Robbery under Arms: A Story of Life and Adventure in the Bush and in the Goldfields of Australia

By Rolf Boldrewood | Go to book overview

CHAPTER XXVII

THIS meeting with Kate Morrison put the stuns upon me and Jim, and no mistake. We never expected to see her up at the Turon, and it all depended which way the fit took her now whether it would be a fit place for us to live in any longer. Up to this time we had done capital well. We had been planted as close as if we had been at the Hollow. We'd had lots of work, and company, and luck. It began to look as if our luck would be dead out. Anyhow, we were at the mercy of a tiger-cat of a woman who might let loose her temper at any time and lay the police on to us, without thinking twice about it. We didn't think she knew Starlight was there, but she was knowing enough for anything. She could put two and two together, and wait and watch, too. It gave me a fit of the shivers every time I thought of it. This was the last place I ever expected to see her at. However, you never can tell what'll turn up in this world. She might have got over her tantrums.

Of course we went over to the Prospectors' Arms that night, as the new hotel was called, and found quite a warm welcome. Mrs. Mullockson had turned into quite a fashionable lady since the Melbourne days; dressed very grand, and talked and chaffed with the commissioner, the police inspectors, and goldfield officers from the camp as if she'd been brought up to it. People lived fast in those goldfields days; it don't take long to pick up that sort of learning.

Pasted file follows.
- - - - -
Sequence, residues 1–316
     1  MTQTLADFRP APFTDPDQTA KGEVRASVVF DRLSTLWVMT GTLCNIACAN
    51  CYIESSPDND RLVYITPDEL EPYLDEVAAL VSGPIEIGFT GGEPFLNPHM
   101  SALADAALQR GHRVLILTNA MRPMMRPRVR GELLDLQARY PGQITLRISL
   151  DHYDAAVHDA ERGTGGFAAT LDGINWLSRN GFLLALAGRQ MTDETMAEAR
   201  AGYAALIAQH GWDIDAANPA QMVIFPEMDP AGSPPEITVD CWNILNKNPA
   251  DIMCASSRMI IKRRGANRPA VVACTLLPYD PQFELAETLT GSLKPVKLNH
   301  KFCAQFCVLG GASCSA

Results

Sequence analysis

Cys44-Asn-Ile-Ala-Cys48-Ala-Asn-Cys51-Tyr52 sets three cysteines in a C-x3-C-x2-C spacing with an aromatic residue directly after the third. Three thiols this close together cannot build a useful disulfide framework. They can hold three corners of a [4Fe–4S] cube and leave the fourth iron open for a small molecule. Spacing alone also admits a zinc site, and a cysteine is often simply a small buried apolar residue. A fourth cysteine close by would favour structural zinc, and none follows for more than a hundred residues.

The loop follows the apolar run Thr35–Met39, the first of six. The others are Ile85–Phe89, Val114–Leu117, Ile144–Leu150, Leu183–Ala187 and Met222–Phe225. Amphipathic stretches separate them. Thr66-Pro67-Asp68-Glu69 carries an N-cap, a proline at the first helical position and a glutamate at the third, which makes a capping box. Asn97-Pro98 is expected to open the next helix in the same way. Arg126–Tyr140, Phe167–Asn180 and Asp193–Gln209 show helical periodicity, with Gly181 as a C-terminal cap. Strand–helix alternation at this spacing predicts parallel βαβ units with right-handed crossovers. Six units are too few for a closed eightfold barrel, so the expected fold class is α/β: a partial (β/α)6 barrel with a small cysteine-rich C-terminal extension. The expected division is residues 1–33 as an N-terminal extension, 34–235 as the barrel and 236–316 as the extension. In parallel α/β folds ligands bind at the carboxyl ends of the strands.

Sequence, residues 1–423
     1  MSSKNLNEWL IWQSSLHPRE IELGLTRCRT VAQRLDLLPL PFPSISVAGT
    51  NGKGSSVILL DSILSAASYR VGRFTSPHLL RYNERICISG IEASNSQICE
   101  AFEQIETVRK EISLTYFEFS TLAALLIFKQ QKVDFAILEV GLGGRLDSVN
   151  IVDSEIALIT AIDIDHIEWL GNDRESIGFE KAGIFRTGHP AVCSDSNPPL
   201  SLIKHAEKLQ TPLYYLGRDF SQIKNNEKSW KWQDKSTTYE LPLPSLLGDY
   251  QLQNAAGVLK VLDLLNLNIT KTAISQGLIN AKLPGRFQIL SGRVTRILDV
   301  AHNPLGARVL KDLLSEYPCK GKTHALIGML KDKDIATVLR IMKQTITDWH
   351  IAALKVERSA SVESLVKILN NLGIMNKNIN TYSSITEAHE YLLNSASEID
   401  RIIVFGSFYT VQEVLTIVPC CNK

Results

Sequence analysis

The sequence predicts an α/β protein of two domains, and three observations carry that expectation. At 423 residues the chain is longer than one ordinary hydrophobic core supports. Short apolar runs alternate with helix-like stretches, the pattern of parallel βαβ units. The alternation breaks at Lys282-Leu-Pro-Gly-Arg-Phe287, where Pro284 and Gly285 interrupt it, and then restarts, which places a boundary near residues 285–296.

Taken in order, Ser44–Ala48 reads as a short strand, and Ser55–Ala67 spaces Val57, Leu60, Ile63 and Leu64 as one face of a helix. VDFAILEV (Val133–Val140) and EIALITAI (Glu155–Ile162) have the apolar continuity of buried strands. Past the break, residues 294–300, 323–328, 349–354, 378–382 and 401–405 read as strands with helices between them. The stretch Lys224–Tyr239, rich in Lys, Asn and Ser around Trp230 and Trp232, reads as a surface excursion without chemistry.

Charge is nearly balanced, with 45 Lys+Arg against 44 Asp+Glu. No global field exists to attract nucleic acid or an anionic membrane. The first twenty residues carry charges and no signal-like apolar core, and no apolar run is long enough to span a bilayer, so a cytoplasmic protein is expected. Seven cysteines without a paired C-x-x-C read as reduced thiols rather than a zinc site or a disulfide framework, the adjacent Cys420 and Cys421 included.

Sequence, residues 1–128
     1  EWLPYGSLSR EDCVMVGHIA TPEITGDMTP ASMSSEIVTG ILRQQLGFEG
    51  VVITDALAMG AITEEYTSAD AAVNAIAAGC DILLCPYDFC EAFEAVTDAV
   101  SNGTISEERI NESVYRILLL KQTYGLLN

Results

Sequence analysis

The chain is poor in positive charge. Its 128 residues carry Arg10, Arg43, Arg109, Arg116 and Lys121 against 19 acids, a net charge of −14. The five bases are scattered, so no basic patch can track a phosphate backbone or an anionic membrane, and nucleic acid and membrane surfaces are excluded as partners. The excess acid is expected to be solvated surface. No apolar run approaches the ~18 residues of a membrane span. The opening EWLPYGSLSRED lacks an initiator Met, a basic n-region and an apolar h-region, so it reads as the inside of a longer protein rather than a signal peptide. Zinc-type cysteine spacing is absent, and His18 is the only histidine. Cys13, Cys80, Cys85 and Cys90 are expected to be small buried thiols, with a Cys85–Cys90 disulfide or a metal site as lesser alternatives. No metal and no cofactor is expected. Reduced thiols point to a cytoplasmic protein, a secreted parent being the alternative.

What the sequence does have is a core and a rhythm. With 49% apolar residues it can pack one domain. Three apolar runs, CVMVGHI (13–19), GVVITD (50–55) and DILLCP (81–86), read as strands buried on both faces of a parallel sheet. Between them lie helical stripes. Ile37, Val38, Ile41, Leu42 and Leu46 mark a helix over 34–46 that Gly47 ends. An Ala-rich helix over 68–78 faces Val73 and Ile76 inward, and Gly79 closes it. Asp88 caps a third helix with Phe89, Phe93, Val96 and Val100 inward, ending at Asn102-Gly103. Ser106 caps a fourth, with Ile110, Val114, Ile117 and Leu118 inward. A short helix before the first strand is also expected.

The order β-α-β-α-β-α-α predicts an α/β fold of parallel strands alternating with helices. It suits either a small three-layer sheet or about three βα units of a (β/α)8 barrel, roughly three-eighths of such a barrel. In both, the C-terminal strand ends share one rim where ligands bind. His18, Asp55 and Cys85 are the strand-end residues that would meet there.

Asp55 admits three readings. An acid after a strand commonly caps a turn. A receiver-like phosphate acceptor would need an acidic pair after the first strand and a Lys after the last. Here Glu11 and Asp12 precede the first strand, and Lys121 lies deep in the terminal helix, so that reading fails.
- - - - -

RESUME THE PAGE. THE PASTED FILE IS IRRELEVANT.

The Prospectors' Arms became quite the go, and all the swell miners and quartz reefers began to meet there as a matter of course. There was Dandy Green, the Lincolnshire man from Beevor, that used to wear no end of boots and spend pounds and pounds in blacking. He used to turn out with everything clean on every morning, fit to go to a ball, as he walked on to the brace. There was Ballersdorf, the old Prussian soldier, that had fought against Boney, and owned half-a-dozen crushing machines and a sixth share in the Great Wattle Flat Company; Dan Robinson, the man that picked up the 70 pound nugget; Sam Dawson, of White Hills, and Peter Paul, the Canadian, with a lot of others, all known men, went there regular. Some of them didn't mind

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Robbery under Arms: A Story of Life and Adventure in the Bush and in the Goldfields of Australia
Table of contents

Table of contents

  • Title Page *
  • Preface to New Edition *
  • Chapter 1 1
  • Chapter II 9
  • Chapter III 15
  • Chapter IV 24
  • Chapter V 30
  • Chapter VI 38
  • Chapter VII 45
  • Chapter VIII 51
  • Chapter IX 56
  • Chapter X 61
  • Chapter XI 67
  • Chapter XII 77
  • Chapter XIII 86
  • Chapter XIV 95
  • Chapter XV 102
  • Chapter XVI 107
  • Chapter XVII 115
  • Chapter XVIII 125
  • Chapter XIX 134
  • Chapter XX 142
  • Chapter XXI 150
  • Chapter XXII 159
  • Chapter XXIII 167
  • Chapter XXIV 176
  • Chapter XXV 191
  • Chapter XVII 198
  • Chapter XXVII 206
  • Chapter XXVIII 214
  • Chapter XXIX 222
  • Chapter XXX 229
  • Chapter XXXI 238
  • Chapter XXXII 245
  • Chapter XXXIII 253
  • Chapter XXXIV 258
  • Chapter XXXV 265
  • Chapter XXXVI 272
  • Chapter XXXVII 280
  • Chapter XXXVIII 287
  • Chapter Xxxix 295
  • Chapter XL 304
  • Chapter XLI 312
  • Chapter XLII 322
  • Chapter XLIII 332
  • Chapter XLIV 340
  • Chapter XLV 347
  • Chapter XLVI 354
  • Chapter XLVII 359
  • Chapter XLVIII 367
  • Chapter Xlix 376
  • Chapter L 390
  • Chapter LI 396
  • Chapter LII 402
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